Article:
Ofori-Atta: “Despicable Conflict of Interest” And 6 Other Reasons Why Finance Minister Could Lose His Job
- The Minority in Parliament listed seven reasons as justification for Ofori-Atta's appointment to be revoked
- The MPs say the minister has misconducted himself both professionally and legally
- They accuse the minister of withdrawing money from the Consolidated Fund unconstitutionally
- A secret vote has been scheduled for November 10, 2022 to determine the minister's fate, where two-thirds of the number of MPs in Parliament will pass the vote
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Finance minister Ken Ofori-Atta could well be on his way out of office as Minority MPs file a motion of censure to get him removed from office.
The opposition Members of Parliament on Tuesday, October 25, 2022 filed the motion to trigger a process to revoke the minister's appointment citing severe economic challenges.
On the same day that about 80 Majority MPs called for the minister to be sacked, about 129 opposition National Democratic Congress (NDC) MPs signed a memo on the motion of vote of censure.
The memo from Minority Chief Whip Muntaka Mohammed-Mubarak and addressed to the Speaker of Parliament Alban Bagbin, has been approved and a secret vote is scheduled for November 10, 2022.
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The MPs cite the following reasons as justification to revoke Ken Ofori-Atta's appointment:
- Despicable conflict of Interest ensuring that he directly benefits from Ghana's economic woes as his companies receive commissions and other unethical contractual advantage. particularly from Ghana's debt overhang
- Unconstitutional withdrawals from the Consolidated Fund in blatant contravention of Article 178 of the 1992 Constitution supposedly for the construction of the President's Cathedral;
- Illegal payment of oil revenues into offshore accounts in flagrant violation of Article 176 of the 1992 Constitution;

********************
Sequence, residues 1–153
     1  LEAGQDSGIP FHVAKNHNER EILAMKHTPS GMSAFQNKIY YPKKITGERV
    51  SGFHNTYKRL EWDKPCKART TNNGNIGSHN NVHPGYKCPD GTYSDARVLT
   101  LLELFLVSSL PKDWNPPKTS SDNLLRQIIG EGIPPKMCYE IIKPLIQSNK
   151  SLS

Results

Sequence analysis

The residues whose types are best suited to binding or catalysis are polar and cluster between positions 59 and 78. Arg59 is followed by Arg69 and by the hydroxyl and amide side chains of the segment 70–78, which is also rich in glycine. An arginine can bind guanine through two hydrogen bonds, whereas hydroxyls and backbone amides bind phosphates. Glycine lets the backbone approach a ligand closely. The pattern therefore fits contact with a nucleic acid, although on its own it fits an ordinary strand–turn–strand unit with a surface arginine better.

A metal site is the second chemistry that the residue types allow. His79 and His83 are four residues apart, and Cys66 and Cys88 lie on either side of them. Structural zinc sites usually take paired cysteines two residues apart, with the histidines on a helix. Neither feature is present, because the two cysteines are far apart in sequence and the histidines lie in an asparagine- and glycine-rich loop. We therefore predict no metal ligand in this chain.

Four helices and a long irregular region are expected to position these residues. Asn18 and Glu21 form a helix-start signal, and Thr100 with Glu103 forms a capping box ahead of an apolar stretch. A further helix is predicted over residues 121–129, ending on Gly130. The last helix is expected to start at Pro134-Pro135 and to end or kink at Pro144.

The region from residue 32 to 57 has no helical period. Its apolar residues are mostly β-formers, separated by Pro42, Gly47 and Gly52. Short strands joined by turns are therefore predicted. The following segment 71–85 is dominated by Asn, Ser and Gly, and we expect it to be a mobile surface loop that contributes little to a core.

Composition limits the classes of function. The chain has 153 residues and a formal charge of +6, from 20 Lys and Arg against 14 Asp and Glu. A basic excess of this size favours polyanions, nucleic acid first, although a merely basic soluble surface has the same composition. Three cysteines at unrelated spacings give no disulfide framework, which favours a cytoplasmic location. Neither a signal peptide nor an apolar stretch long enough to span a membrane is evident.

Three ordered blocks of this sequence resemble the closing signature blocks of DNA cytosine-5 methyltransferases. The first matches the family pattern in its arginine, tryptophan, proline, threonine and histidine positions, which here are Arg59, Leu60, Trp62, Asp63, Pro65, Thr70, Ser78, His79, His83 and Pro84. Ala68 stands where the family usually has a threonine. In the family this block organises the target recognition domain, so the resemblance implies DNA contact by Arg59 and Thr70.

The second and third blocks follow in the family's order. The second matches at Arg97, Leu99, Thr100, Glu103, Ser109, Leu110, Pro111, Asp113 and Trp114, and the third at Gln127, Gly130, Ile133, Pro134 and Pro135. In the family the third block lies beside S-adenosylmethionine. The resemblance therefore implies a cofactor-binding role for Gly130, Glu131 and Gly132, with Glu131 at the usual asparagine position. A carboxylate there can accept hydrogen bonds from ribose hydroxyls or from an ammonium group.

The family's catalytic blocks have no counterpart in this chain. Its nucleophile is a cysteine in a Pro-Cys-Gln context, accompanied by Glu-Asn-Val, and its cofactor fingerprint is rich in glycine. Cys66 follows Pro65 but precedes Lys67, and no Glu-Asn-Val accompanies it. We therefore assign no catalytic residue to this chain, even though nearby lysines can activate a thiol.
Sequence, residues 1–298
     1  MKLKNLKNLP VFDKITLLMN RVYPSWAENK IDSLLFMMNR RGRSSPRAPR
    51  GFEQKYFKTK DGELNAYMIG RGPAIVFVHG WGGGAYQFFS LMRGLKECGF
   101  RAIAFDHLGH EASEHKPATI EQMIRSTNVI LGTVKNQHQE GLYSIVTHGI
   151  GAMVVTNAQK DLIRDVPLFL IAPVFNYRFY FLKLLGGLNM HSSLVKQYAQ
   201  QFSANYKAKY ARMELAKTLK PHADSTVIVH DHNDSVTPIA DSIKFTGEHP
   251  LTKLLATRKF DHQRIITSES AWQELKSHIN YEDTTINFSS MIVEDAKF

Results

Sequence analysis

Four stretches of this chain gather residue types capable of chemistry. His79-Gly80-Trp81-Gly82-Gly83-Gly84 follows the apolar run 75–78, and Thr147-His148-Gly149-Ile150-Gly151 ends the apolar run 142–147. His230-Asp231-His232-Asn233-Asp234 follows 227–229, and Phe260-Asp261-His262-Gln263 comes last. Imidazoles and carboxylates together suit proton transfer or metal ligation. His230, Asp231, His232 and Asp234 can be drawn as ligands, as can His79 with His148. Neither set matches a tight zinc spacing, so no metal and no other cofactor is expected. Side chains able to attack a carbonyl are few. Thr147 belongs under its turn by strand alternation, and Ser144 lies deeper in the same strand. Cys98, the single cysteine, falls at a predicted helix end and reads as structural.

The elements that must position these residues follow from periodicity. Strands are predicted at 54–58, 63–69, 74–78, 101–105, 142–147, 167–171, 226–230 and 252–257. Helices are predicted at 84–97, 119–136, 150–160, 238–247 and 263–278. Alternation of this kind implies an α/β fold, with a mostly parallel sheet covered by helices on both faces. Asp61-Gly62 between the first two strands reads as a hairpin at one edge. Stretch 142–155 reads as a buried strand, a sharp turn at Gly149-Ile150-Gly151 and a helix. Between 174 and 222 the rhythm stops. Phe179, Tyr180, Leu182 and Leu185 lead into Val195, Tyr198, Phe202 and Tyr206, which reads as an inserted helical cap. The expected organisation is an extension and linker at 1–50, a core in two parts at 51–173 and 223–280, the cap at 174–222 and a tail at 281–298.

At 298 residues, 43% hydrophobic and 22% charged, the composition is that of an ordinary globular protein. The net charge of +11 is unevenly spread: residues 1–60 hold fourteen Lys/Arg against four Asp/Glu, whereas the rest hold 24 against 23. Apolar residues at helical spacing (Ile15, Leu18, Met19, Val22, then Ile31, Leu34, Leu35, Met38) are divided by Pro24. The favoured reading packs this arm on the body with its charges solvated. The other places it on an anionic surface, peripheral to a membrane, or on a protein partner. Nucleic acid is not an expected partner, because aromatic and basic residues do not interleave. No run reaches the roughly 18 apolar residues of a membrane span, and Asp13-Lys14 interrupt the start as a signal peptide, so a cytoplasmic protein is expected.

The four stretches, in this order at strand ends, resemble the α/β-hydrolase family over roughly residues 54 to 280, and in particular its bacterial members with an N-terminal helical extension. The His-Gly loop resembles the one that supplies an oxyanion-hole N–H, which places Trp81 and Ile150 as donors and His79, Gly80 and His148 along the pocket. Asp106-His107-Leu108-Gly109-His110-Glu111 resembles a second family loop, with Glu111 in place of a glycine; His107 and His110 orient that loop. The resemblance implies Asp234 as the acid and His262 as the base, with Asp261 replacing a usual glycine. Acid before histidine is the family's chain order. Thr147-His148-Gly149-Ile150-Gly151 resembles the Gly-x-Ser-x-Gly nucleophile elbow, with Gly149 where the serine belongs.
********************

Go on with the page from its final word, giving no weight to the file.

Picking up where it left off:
- Deliberate and dishonest misreporting of economic data to Parliament
- Fiscal recklessness leading to the crash of the Ghana Cedi which is currently the worst performing currency in the world;
- Alarming incompetence and frightening ineptitude resulting in the collapse of the Ghanaian economy and on excruciating cost of living crisis;
- Gross mismanagement of the economy which has occasioned untold and unprecedented hardship.
How The Vote Of Censure To Remove Ofori-Atta Will Work
Per Article 82 of the Constitution, two-thirds of all the 275 Members of Parliament or more, that is at least 183 MPs, can pass a vote of censure on the finance minister, Ken Ofori-Atta.
With 129 NDC MPs already signing to approve the vote of censure, all that is needed is 54 MPs from the Majority side to remove the embattled minister from office.
According to the law, a minister of state against whom a vote of censure is debated is entitled, during the debate, to be heard in his defence.
"Where a vote of censure is passed against a Minister under this article the President may, unless the Minister resigns his office, revoke his appointment as a Minister," the law states.
The same process applies to a Deputy Minister.
Akufo-Addo Can’t Sack Ofori-Atta Because Ministerial Position Is A Reward – Minority
Meanwhile, YEN.com.gh reported in a separate story that the Minority MPs have said the call by the Majority for Akufo-Addo to sack finance minister Ken Ofori-Atta will not be heeded.
The Minority MPs claim Mr Ofori-Atta was sent to the finance ministry as reward for supporting Akufo-Addo's campaign in 2016.
First deputy minority whip Ibrahim Ahmed who addressed the media on Tuesday said the best way to get rid of the minister is for the Majority to support their impeachment motion.
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